£20m – the sum targeted by the New Model’s backers to make the university a reality

Campus news

University of Glasgow
Creating affordable handheld video cameras that can record beyond the visible spectrum is on the agenda for a £ million centre at the University of Glasgow. QuantIC, the Quantum Imaging Centre, hopes to commercialise cameras built with quantum technology. Glasgow, Heriot-Watt University and the universities of Bristol, Edinburgh, Oxford and Strathclyde are collaborating on the project.

Lancaster University
Alan Milburn has been installed as chancellor of Lancaster University. The former Labour health secretary, a Lancaster graduate, is chair of the government’s Social Mobility and Child Poverty Commission and runs his own consultancy, advising governments and corporations across the world. Mr Milburn said that Lancaster “is punching far above its weight”, a performance that could allow it to fulfil its ambition to become one of the world’s top 100 universities.

Aberystwyth University
A Welsh university is leading a project to drill nearly 300m beneath a dried-up Ethiopian lake to uncover how climate change has influenced human evolution and migration. The Chew Bahir Drilling Project, led by Aberystwyth University, will provide a sedimentary record of rainfall, temperature and vegetation changes spanning the past 500,000 years, close to where the earliest known Homo sapiens fossils have been found.

Bucks New University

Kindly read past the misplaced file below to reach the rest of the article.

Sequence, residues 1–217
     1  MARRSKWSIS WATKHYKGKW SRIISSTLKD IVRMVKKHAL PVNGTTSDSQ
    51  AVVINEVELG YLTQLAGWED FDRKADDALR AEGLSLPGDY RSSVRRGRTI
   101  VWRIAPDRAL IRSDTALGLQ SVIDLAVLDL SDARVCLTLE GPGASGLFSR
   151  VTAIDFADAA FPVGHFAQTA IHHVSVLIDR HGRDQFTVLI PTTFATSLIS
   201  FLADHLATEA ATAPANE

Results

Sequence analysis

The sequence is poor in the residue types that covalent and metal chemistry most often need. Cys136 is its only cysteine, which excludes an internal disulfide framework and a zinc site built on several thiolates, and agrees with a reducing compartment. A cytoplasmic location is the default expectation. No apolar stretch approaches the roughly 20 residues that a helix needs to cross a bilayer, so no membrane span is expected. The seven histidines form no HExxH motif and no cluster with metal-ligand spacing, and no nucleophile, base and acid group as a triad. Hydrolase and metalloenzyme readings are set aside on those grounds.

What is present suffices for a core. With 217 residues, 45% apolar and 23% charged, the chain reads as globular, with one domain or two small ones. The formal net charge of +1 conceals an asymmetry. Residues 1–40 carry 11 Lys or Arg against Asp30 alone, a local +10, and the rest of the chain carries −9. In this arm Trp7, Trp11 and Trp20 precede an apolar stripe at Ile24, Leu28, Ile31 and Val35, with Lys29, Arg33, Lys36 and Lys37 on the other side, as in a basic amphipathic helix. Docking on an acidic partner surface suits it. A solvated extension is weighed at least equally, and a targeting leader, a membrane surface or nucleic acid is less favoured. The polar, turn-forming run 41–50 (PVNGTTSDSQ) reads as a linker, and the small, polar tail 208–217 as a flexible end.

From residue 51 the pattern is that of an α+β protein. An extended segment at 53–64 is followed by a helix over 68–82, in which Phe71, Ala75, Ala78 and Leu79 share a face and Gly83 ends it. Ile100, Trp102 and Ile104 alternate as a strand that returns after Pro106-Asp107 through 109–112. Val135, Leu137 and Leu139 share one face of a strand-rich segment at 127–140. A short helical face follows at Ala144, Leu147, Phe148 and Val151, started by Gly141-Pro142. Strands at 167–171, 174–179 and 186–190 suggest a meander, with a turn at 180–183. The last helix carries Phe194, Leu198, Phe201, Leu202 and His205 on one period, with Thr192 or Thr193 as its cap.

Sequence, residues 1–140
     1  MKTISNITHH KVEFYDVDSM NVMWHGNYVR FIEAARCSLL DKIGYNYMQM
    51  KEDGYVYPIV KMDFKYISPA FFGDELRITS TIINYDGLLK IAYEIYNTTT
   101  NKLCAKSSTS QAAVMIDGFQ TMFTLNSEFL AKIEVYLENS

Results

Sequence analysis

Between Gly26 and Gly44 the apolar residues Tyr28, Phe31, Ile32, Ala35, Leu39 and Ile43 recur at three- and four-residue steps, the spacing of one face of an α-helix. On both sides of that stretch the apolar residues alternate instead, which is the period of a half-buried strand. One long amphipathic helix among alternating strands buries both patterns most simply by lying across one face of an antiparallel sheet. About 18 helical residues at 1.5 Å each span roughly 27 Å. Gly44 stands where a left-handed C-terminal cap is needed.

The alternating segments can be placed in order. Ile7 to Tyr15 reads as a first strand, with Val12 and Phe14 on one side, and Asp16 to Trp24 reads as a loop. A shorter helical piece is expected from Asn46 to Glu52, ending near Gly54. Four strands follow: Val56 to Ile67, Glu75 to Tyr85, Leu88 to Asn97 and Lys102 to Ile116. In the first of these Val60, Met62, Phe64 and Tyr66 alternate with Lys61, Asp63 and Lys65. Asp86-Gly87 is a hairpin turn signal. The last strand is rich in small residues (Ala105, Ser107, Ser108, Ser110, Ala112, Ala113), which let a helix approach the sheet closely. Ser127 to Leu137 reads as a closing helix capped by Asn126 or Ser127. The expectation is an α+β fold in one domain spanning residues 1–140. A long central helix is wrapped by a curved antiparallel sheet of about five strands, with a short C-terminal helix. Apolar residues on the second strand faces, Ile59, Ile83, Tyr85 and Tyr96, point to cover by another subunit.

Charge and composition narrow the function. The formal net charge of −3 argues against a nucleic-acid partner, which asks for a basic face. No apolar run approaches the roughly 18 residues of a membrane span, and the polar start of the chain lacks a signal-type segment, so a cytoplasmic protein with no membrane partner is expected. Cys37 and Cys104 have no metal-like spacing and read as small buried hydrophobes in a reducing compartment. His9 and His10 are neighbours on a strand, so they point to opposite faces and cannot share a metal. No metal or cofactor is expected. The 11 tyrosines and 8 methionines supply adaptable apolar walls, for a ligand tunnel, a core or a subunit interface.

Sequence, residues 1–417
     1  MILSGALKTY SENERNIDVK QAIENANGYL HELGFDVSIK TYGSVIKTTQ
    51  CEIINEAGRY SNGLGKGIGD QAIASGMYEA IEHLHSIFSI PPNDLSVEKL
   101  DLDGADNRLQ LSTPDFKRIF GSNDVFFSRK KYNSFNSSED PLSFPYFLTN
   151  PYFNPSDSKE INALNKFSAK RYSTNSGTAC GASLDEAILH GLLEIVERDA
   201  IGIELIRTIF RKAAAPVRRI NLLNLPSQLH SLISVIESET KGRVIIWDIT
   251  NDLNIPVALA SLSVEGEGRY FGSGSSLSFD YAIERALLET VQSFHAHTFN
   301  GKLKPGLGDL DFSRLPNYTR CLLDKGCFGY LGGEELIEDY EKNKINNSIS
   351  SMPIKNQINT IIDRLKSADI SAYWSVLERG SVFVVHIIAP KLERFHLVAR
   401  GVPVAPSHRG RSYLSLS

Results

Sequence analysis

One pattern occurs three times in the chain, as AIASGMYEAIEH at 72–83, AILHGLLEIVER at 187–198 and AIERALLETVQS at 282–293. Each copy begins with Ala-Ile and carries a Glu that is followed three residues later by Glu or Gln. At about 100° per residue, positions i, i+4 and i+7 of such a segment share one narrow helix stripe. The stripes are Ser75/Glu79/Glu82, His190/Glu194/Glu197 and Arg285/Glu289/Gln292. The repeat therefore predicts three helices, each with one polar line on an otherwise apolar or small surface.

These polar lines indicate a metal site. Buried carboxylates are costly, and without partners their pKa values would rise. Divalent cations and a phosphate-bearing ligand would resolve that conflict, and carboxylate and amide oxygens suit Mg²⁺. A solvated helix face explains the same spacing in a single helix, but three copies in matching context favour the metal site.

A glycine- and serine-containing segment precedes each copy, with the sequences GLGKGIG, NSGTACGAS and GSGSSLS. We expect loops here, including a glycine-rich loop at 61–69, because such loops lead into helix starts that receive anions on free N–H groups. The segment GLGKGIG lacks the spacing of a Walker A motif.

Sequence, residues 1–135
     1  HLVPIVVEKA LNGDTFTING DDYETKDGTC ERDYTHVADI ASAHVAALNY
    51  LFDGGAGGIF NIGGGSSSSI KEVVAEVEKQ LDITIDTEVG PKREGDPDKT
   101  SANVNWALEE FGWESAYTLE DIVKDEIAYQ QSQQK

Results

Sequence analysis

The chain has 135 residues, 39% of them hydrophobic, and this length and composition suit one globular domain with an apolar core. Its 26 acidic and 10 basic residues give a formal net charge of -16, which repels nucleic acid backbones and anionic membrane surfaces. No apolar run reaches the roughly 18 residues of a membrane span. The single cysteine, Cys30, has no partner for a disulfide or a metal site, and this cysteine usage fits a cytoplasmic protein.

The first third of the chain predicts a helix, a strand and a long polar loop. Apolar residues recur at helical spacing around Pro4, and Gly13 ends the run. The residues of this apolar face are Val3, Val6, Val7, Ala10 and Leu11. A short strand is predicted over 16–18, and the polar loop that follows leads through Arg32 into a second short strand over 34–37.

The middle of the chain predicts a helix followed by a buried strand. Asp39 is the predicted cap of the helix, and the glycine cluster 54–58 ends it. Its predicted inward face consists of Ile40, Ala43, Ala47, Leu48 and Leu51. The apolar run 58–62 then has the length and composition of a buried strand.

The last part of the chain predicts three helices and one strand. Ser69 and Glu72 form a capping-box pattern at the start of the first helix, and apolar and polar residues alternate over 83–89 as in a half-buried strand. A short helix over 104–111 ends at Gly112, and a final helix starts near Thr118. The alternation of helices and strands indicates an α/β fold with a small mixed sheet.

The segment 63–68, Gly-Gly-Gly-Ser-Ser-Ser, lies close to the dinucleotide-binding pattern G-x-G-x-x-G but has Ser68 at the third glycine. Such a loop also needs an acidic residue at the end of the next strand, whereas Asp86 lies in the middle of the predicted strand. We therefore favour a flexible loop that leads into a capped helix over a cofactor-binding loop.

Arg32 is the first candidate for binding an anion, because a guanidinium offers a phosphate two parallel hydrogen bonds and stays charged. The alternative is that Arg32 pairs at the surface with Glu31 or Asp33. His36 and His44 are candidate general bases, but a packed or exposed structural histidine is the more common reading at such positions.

A renowned animator who worked on films such as The Lion King and Paddington is to launch a UK university course. Alex Williams will lead a master’s degree in 3D animation at Bucks New University. Beginning in September, the distance-learning course will be taught by lecturers who have worked on movies including the Harry Potter series and The Chronicles of Narnia. Mr Williams said the degree was needed because 30 per cent of animation employers report skills gaps among their existing staff.

University of Nottingham
An East Midlands institution is researching a mobile phone app to identify babies born prematurely in the developing world. Researchers from the University of Nottingham’s Division of Child Health, Obstetrics and Gynaecology and its School of Computer Science have won a $100,000 (£66,000) grant from the Bill and Melinda Gates Foundation to develop technology that will identify premature babies who may need urgent medical care. The app will identify distinctive features on newborns’ feet, face and ears to more accurately estimate their gestation periods.

Norwich University of the Arts
A year-long programme of events has been launched to mark a higher education institution’s 170-year history. Norwich University of the Arts kicked off the celebrations by installing a high-definition outdoor digital projector in the heart of the city, which displayed artwork by its past and present students. The institution, granted university title in 2012, started life as the Norwich School of Design in 1845.

Imperial College London
The drive to cut NHS spending has led to a fall in some non-essential medical procedures but not others. Imperial College London researchers have found that cataract removal, hysterectomies in response to heavy menstrual bleeding and myringotomies to relieve eardrum pressure have fallen since 2011. However, other “low-value” procedures remain untouched. The researchers called for clearer guidelines to help NHS trusts decide where to cut.

King’s College London
Enrique Peña Nieto, the president of Mexico, has witnessed the signing of an academic partnership between his country’s largest higher education institution and a London-based university. King’s College London and the National Autonomous University of Mexico, which has more than 300,000 students, will strengthen their academic ties under the deal, signed during Mr Peña Nieto’s state visit to the UK this month. King’s will also take the lead in coordinating a visiting scholars programme involving both countries.